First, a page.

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Credit: pinterest.com

It has been 20 years since Brian Pillman befuddled the entire wrestling world to escape his WCW contract and make his way to the WWE. Those who were around to witness Pillman blur the line between fact and fiction years before the “reality-driven” booking style started to take hold truly had no idea what to think about the “Loose Cannon” and his antics both on and off-screen. Even his closest friends weren’t sure what to make of it and didn’t want to ask Brian himself, for fear that he’d laugh at them for falling for his ruse. Brian Pillman had the ability to create a stir. Imagine what an impact Pillman could have created if we were to be unleashed onto the wrestling world now – with the tools of social media at his disposal. The creativity of this wrestler who departed from the world far too soon would be trending daily and thrilling the numbers people that track the WWE’s brand reach.

15. Buddy Rogers

15Rogers

Credit: Pro Wrestling Illustrated

Bruno Sammartino is immortalized in bronze forevermore as one of the WWE’s greatest superstars of all time. However, we frequently dismiss the star power of Buddy Rogers which is what fractured Vincent J. McMahon’s relationship with the NWA and recognition of their world champion in favor with going his own direction. There is a timeless sophistication to “Nature Boy” Buddy Rogers that, like very few others has been often imitated in the decades since. The garish behaviour of the playboy wrestler and even his ring handle have been borrowed repeatedly, but nobody has fully mastered the simplicity of driving a whole arena to a frenzy with a basic zippered ring jacket as the means to heat things up to a fevered pitch. Rogers could truly demonstrate to today’s modern wrestlers the psychology of manipulating an audience’s emotions with resorting to cheesy canned scripts and tactics that are devised by a team of writers in the back.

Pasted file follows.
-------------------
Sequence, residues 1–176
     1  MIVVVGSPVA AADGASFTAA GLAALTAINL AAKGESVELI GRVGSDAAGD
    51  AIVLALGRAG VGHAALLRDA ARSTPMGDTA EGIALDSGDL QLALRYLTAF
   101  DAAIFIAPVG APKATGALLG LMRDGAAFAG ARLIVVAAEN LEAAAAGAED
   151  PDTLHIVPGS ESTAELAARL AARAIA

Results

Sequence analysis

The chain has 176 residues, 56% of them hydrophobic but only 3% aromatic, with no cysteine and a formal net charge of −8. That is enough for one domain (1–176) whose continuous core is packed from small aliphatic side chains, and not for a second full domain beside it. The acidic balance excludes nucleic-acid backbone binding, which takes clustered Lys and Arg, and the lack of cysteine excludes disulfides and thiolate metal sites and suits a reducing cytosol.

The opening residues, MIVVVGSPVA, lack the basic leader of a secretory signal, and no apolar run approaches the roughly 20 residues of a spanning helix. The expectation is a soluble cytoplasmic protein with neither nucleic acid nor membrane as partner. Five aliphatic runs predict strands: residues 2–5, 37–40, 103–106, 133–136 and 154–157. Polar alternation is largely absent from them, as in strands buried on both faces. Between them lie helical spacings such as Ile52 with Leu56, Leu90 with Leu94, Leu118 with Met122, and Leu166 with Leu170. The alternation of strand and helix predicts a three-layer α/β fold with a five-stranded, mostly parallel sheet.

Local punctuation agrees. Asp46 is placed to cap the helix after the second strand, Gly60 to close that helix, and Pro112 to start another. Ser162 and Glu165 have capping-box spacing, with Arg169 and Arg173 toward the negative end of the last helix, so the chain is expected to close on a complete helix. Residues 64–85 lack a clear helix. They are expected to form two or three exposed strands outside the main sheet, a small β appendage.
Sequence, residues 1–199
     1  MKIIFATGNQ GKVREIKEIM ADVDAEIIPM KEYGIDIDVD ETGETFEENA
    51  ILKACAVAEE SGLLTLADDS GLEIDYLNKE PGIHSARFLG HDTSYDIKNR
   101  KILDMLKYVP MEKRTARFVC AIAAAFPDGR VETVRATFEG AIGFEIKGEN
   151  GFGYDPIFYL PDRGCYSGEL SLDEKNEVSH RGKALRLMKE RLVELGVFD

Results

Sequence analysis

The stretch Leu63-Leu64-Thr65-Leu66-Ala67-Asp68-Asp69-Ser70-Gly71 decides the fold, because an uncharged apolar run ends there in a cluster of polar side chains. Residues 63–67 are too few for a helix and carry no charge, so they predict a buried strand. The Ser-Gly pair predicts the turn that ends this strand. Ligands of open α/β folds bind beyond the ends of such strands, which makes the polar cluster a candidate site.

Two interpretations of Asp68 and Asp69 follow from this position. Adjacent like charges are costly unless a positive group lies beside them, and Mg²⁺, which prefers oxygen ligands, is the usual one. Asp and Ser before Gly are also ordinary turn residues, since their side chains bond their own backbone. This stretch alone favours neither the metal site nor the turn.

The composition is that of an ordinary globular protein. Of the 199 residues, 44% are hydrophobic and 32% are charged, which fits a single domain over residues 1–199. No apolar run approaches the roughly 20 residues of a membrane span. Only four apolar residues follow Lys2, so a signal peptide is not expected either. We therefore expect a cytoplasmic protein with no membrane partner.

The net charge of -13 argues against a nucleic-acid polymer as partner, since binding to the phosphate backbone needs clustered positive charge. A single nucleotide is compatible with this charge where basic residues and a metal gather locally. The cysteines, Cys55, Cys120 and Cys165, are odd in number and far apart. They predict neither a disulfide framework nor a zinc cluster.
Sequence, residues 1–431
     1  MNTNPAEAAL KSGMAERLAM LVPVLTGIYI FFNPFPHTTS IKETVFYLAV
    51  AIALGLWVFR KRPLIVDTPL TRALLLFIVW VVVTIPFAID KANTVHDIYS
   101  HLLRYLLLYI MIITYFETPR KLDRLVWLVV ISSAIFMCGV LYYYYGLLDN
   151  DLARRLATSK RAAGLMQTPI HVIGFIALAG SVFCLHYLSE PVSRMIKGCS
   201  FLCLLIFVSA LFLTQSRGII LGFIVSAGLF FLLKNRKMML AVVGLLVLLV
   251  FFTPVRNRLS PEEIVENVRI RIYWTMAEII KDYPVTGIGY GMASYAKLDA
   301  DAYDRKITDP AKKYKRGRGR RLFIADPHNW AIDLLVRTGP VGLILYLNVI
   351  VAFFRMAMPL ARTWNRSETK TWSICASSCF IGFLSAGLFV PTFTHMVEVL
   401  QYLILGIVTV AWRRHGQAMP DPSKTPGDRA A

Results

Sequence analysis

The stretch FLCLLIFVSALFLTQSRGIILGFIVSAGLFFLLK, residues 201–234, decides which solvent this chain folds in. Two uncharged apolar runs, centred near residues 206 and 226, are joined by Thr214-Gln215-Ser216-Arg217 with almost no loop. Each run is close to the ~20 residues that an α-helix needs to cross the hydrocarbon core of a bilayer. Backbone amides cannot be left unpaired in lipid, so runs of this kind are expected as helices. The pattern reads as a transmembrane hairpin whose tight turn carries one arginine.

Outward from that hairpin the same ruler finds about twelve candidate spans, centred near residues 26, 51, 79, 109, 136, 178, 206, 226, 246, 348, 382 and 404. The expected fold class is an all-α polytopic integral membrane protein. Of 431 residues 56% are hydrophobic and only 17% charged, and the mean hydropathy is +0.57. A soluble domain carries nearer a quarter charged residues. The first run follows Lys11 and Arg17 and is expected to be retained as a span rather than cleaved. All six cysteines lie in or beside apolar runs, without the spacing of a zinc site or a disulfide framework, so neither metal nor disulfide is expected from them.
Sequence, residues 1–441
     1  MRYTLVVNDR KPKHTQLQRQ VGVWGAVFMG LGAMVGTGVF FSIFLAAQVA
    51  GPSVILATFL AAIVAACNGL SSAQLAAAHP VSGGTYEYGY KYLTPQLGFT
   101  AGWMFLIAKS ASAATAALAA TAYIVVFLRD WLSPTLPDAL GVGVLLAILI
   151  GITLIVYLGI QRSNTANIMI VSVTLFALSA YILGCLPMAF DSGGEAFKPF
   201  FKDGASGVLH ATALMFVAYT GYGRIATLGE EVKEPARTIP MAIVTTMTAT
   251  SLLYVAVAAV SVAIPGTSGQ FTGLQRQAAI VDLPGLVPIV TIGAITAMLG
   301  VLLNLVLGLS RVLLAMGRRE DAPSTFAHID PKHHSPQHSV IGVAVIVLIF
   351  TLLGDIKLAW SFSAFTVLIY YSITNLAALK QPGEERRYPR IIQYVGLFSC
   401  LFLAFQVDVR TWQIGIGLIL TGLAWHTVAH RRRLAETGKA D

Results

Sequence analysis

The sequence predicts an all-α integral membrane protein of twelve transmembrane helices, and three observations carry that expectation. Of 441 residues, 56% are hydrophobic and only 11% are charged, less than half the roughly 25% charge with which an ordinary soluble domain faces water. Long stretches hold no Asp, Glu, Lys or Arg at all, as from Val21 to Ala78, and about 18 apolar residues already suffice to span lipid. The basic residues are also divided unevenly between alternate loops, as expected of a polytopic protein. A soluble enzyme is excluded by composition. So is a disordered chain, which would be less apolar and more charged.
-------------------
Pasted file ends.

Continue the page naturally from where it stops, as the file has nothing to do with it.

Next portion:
14. Killer Karl Krupp

via pinterest.com

Credit: pinterest.com

Remember when Vince McMahon revealed to the world that wrestling was actually sports entertainment? He intimated that wrestling fans didn’t want to be insulted with the stereo-typical good guys vs. bad guys. Well, it seemed good on paper, but in the history of wrestling, few issues generate an emotional attachment with any sports crowd than cheering on the home team against a foreign threat. While there have been many wrestlers over the decades to adopt an ethnic persona and parade as a burly Russian, an elitist German, a syrupy British lord, a sneaky Japanese assassin – few fully embraced their character in the way that the Dutch-born George Momberg did as Killer Karl Krupp. Krupp, with his riding crop, cape and monacle terrorized fans and drew at the box office and his schtick would still command a resounding response coming down the aisle today. At the height of his career in the Canadian Maritimes, he avoided beaches with his family for fear of being discovered as anything less than he portrayed on screen – that commitment to his business in and away from the arena is what is missing from many of today’s superstars.

13. George Gordienko

via wrestlingfurnace.com

Credit: wrestlingfurnace.com

There was a time when Vince McMahon himself admitted that his preference of wrestling styles was for the ring abilities of William Regal, Dean Malenko and Chris Benoit. However, prime time television ratings being what they are – a more eclectic mix of talent is required when you are the most visible wrestling product in the world. However, in recent years with the addition of technical wizards like Daniel Bryan and Cesaro and amateur wrestlers that have successfully transitioned to the pros like Kurt Angle and Brock Lesnar, it would be great to see a classic wrestler with a worldwide pedigree to shake things up. Winnipeg’s George Gordienko was that guy. Touted by former NWA World champion, Lou Thesz as the greatest wrestler to ever come out of Canada, his career was cut short in the U.S. by the Cold War when he was accused of being a communist. Still, he had a brilliant career with lengthy campaigns in England, Japan, Australia, Greece, India and Canada. Gordienko would re-educate fans and wrestlers alike in the art of wrestling.

12. Rick Rude

credit: prowrestling.wikia.com

Credit: prowrestling.wikia.com

Take stock of the best bodies ever in the history of professional wrestling and without a doubt, “Ravishing” Rick Rude is sure to be featured on any list. Rude was produced by the Eddie Sharkey wrestling camp in Minnesota – in the same class that produced the Road Warriors and Demolition’s Smash. Rude was a hit wherever he went – Texas, Georgia, WWE and WCW. He had the look, he could talk and he could wrestle. It was the trifecta of equipment for success in the very individual sport of wrestling. Fast forward to today’s wrestling climate, an environment that presents with three hours of prime time television to fill every Monday night and Rude would easily become a cornerstone of the product. We didn’t even get to see Rick Rude at his prime during the famed “Attitude Era” … just imagine what he would have done to the ratings if he was allowed to take his character to the limit in the same manner that wrestlers such as Val Venis and The Godfather were allowed to.